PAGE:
Meditation is wonderful. I highly recommend it. When you meditate and quiet your mind, you are able to feel your natural peace and joy that is within you. Meditation, such as sitting meditation, is great, but it is not enough—by itself, because when you are not meditating, when you are going about your daily affairs, you also have to be consciously aware of your thoughts and feelings as often as you can and are able to remember to. While most of our thoughts are unconscious, we can bring the light of awareness to them. The more frequently you are able to do this, the more natural it becomes, and the quicker you are able to catch yourself thinking negative thoughts before they turn into negative emotions. 

One thing that you can do is—when you catch yourself thinking something negative, say, “That’s not reality.” Or “I am not my thoughts.” When you do that, you begin to see how silly your habitual negative and self-sabotaging thoughts are and how they run on auto-pilot most of the time. Thich Nhat Hanh, Buddhist monk, has many wonderful books on mindfulness and meditation; for example, when you are walking, you can practice walking meditation—each step that you take, you are present in that step. Your mind is not off somewhere else. You are in the present moment, in the here and now. The unconscious chattering mind is a stress creator, so that is why you need to become mindful of each moment, each action, and the quiet and still peaceful presence.

Everyone can become mindful. You do not have to be a Buddhist monk or Buddhist to practice mindfulness. By being mindful, you are developing a life skill that does not interfere with whatever religious beliefs you might hold or non-beliefs. It is a way of life—a way of living. When you are mindful, you are not driven by your unconscious mind that is set on auto-pilot.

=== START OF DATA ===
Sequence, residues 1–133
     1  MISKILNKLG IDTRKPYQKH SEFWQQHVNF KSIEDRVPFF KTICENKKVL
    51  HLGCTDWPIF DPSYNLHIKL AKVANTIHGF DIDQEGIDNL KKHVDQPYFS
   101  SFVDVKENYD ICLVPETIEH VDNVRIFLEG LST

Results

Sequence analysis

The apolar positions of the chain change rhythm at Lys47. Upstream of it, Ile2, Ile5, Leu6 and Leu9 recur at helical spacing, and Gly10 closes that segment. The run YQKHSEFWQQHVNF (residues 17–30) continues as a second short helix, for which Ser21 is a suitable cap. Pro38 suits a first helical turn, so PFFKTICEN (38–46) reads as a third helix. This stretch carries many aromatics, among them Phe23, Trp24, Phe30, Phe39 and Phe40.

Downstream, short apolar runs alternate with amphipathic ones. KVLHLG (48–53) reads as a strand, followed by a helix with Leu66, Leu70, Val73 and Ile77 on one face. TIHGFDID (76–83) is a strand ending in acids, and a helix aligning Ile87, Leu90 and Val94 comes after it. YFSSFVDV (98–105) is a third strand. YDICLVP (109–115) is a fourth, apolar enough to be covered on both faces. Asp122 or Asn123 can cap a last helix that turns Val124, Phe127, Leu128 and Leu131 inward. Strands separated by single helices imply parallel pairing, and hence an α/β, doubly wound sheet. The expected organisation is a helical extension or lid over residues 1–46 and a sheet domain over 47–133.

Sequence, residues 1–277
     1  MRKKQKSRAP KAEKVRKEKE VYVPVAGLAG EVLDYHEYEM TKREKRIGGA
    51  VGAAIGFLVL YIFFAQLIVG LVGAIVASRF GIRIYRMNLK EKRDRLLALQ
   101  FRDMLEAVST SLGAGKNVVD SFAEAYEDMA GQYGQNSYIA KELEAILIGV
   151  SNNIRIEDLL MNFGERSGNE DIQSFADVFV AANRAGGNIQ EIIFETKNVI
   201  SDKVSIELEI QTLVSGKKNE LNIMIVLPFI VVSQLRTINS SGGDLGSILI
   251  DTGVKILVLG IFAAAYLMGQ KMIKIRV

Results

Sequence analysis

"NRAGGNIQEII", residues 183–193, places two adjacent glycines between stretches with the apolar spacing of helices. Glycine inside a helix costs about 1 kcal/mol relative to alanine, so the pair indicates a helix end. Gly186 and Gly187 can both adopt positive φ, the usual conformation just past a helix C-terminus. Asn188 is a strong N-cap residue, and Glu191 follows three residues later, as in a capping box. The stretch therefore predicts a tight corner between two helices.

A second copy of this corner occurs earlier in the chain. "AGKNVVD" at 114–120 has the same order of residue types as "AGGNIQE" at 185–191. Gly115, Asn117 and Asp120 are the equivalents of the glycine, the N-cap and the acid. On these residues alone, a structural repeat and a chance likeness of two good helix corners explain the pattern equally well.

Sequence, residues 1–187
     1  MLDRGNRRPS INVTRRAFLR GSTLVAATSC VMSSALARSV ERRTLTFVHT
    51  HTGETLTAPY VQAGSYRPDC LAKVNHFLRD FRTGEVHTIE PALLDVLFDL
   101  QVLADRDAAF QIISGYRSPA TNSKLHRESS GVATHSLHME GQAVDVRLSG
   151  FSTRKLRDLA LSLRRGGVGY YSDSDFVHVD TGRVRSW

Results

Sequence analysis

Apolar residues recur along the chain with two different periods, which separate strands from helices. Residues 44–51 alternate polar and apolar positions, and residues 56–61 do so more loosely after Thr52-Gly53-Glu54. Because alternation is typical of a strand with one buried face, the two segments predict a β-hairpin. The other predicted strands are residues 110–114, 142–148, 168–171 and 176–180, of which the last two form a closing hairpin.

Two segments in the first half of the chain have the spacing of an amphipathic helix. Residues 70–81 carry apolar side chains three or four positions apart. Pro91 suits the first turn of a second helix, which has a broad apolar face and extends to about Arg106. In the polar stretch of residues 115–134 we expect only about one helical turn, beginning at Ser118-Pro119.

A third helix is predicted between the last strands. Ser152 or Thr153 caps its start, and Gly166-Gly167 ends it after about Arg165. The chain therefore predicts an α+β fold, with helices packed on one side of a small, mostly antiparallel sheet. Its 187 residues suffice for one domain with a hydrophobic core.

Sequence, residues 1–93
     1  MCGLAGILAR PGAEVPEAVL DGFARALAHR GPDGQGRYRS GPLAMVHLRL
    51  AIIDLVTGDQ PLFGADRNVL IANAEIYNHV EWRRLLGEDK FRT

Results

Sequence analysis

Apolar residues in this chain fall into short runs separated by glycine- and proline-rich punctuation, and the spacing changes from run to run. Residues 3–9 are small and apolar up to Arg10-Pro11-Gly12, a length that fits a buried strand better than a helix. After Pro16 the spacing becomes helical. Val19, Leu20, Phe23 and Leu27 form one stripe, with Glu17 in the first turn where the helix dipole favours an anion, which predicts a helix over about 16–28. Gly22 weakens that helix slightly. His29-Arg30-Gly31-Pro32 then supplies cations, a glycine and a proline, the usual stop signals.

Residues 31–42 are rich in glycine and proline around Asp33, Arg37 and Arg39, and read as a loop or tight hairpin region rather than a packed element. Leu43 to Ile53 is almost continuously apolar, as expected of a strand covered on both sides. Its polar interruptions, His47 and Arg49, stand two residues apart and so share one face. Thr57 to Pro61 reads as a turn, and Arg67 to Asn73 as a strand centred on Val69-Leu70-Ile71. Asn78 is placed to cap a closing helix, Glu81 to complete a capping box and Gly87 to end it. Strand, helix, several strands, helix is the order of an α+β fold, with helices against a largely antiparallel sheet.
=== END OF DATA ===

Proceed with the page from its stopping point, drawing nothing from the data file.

When you become mindful of everything that you do, in each moment, from moment-to-moment, and you are not off somewhere else in your mind, in the past—reliving it—filled with guilt or regret—or in the future—worrying about things you need to take care of or worrying about how your future is going to turn out—that mindfulness brings you to the present moment. When you are in the present moment, your mind is not unconsciously running its pre-recorded messages of the past and projecting them into the future. You are no longer living two lives—one, where your body is present and breathing in the here and now—while your other, imaginary life and egoic self, is being lived in your mind—where a movie is being played, filled with painful memories from the past and worries over the future, along with faulty and false ideas, notions, and beliefs—taking you away from the present moment. This is not to say you shouldn’t have any goals and that you should never plan for your future. You set your goals and take action now, but you don’t sit around dwelling on your goals or future. 

An Openness To Life and
Learning From All of Life’s Teachers,
Being Consciously Aware of Your Thoughts
and Mindful of the Present Moment,
Living in the Present Moment,
Allows Space For You To Feel
Your Peaceful Presence and Joy,
Radiating Outward From Within,
Touching Everyone You Meet.

Copyright © 2012 Pamela J. Wells. All Rights Reserved

Feel free to add a comment, if there is anything that you would like to add or any experiences that you would care to share.

No comments: